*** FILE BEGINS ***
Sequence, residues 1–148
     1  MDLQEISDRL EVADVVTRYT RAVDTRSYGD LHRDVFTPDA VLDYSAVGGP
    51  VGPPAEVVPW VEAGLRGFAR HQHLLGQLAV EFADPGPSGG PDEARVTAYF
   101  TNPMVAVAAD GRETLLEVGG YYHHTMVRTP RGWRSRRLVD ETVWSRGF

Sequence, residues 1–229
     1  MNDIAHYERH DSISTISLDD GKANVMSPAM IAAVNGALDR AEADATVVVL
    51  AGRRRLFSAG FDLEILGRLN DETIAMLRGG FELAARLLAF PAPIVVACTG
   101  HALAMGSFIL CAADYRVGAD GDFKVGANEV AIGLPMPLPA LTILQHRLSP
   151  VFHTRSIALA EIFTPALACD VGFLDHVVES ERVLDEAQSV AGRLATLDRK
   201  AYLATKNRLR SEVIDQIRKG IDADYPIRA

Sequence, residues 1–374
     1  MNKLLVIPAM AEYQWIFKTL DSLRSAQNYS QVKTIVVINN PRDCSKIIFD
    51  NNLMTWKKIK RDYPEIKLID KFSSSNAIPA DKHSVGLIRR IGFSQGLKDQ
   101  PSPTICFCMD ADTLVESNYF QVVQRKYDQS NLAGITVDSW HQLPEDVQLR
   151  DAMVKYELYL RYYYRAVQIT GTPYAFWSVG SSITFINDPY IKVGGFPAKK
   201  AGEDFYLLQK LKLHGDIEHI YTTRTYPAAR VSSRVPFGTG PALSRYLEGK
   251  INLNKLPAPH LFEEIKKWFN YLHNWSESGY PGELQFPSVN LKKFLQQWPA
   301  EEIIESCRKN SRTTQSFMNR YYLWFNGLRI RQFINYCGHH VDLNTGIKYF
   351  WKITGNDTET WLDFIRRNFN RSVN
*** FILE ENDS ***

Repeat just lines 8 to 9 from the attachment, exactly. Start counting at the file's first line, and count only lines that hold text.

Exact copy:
   101  HALAMGSFIL CAADYRVGAD GDFKVGANEV AIGLPMPLPA LTILQHRLSP
   151  VFHTRSIALA EIFTPALACD VGFLDHVVES ERVLDEAQSV AGRLATLDRK